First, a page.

June 27, 2011


Ever hear of “TRIBOLOGY”?   Well, not only do we have tribology, we have green tribology.  Tribology is from the Greek word tribo—τρίβω.  The word tribo means “to rub” and is defined by the Oxford dictionary as the ‘branch of science and technology concerned with interacting surfaces in relative motion and with associated matters (as friction, wear, lubrication and the design of bearings)’.  The term was introduced for the first time in 1966 by Professor H. Peter Jost of the United Kingdom.  The word may be new but the study of the ways and means to reduce friction and wear is at least as old as the Egyptians.   The invention of the wheel probably resulted from some “caveman dude” telling his wife there had to be a better way.  (He probably was moving furniture from one cave to another.)

According to some estimates, losses resulting from ignorance of tribology amounts to about 6% of the gross national product in the United States alone.  This figure is around $200 billion dollars annually.  It has been estimated that approximately one-third of the world’s energy resources in present use appear as friction in one form or another.  According to Dr. Jost, the United States could save approximately $16 billion per year by incorporating better tribological practices.  Now let’s face facts, friction can be a good thing; i.e. car tires on pavement, rubber-soled shoes applied to ice and snow, etc etc.  You get the picture but, as far as moving members in the mechanical world, friction and wear represent properties that literally destroy mechanisms over time and without maintenance and the replacement of parts.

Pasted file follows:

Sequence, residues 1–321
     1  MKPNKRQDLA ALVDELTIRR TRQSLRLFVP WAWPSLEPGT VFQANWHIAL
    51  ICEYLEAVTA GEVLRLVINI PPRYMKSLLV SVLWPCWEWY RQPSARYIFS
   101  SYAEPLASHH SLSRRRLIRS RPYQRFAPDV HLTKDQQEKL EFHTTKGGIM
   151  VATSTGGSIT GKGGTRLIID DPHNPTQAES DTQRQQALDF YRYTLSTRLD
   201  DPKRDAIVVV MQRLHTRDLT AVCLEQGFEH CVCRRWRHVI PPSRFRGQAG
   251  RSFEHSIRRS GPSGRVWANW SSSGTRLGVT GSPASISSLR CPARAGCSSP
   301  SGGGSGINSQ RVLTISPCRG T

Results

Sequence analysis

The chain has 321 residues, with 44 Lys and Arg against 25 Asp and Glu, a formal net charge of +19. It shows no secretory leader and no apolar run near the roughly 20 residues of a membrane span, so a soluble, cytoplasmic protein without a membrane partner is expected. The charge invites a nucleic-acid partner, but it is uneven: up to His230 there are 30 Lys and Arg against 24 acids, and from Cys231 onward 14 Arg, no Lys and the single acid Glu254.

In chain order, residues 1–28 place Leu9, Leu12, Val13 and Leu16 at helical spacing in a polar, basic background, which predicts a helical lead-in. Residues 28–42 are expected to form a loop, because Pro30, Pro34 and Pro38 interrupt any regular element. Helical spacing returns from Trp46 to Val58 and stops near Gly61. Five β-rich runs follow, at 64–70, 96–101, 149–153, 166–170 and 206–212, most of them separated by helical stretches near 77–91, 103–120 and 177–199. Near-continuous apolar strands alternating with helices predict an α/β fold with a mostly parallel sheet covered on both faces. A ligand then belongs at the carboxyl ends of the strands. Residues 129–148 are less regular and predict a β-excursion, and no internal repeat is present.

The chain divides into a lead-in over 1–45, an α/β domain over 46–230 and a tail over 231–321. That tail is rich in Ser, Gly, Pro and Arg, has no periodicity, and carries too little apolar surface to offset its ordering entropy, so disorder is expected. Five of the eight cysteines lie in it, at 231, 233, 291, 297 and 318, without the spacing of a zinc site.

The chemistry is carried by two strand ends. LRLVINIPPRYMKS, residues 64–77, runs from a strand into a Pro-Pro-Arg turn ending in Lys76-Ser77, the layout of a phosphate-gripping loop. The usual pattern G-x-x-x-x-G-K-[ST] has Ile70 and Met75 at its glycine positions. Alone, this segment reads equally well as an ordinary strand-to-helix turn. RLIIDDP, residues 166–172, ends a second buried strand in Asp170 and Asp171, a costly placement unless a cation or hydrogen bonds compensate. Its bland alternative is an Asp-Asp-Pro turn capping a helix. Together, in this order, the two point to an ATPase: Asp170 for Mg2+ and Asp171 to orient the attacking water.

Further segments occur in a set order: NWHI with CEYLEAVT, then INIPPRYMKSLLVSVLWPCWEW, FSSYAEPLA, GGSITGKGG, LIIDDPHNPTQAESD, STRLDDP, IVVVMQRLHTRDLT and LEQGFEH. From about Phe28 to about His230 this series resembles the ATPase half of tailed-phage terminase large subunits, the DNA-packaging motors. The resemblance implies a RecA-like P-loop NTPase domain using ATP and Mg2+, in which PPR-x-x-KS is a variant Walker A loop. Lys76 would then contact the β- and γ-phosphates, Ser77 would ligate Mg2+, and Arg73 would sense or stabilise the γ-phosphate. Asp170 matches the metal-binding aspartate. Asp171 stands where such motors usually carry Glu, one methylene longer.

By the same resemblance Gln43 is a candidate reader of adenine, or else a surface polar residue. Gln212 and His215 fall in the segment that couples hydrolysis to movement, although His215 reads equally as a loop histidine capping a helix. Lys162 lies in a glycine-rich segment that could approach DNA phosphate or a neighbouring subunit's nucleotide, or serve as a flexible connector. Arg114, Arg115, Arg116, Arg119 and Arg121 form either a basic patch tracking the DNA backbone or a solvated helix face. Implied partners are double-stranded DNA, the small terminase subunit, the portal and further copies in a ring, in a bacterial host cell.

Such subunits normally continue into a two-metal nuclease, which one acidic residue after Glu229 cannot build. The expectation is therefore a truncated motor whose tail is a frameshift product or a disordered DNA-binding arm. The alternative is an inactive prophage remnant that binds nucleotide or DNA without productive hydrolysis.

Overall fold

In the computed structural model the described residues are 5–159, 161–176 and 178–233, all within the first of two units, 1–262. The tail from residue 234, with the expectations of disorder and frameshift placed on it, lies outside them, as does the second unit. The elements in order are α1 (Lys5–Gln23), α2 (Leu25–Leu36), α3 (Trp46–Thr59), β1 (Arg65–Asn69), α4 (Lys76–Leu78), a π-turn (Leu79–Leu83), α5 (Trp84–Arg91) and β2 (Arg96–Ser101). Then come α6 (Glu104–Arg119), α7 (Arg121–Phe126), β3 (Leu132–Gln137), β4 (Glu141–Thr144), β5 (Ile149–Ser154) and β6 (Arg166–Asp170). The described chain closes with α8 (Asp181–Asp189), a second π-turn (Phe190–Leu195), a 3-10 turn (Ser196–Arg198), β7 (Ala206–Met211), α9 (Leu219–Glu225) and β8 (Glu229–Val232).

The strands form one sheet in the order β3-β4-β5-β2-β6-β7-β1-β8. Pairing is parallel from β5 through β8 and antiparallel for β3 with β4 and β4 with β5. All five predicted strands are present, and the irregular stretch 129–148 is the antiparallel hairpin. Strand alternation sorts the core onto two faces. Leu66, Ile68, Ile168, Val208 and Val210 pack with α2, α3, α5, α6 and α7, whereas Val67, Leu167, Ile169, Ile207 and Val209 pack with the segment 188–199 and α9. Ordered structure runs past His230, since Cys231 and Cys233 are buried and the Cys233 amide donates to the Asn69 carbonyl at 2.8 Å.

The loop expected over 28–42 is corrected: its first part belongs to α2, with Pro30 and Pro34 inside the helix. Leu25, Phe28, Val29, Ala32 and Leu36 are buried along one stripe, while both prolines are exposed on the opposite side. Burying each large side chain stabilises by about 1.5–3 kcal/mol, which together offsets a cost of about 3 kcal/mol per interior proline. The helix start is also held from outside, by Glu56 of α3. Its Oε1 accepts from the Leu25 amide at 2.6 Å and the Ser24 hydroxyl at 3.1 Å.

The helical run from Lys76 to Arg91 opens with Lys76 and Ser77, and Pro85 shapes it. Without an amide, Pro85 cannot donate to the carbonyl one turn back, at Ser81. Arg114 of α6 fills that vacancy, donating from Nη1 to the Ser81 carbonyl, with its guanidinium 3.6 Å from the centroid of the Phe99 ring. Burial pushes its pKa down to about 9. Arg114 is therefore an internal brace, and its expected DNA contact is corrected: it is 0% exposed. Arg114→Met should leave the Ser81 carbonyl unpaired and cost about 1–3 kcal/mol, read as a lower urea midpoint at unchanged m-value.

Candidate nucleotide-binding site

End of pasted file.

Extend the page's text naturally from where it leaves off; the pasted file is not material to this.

To mitigate friction and wear, we use various lubricants, the very first of which was animal fat.  Over the centuries engineers and chemists have become much more ingenious, resulting in a huge verity of lubrication formulas and methods of application.   Lubricants do their job so why not investigate making those lubricants less harmful to our environment—thus “green tribology”.

“Green tribology” has been defined as ‘the science and technology of the tribological aspects of ecological balance and of environmental and biological impacts’.    It is basically involved with minimizing the following:

1.)    Generation of pollution while using lubricants and lubrication techniques.

2.)    Risk to human health and the environment while using lubrication to reduce wear and friction.

In accomplishing the two goals as given above, there are twelve (12) principals that may be applied.  These are:

  • Minimize heat and energy dissipation
  • Minimize wear
  • Reduce or completely eliminate lubrication and self-lubrication
  • Use natural lubrication if at all possible
  • Use biodegradable lubrication when and if possible
  • Use sustainable chemistry and green engineering principals
  • Use biometric principals of engineering whenever possible
  • Surface texturing should be applied to control surface properties.  Conventional engineered surfaces have random roughness that makes it difficult to control friction and wear.
  • Recognize environmental implication of coatings
  • Design for the degradation of surfaces
  • Apply real-time monitoring when hazardous substances are in use
  • Apply sustainable energy methodology at all times.

These twelve principals, when applied, can greatly reduce the environmental impact lubricants can have when needed for any specific application. 

I would invite you to explore, as I am doing this summer, the “world of tribology” and specifically green tribology.  I think you will come away with a new appreciation for the approaches now being used by engineering teams over the world to better understand and compensate for, friction, wear and lubrication.

Many thanks,

Bob J.


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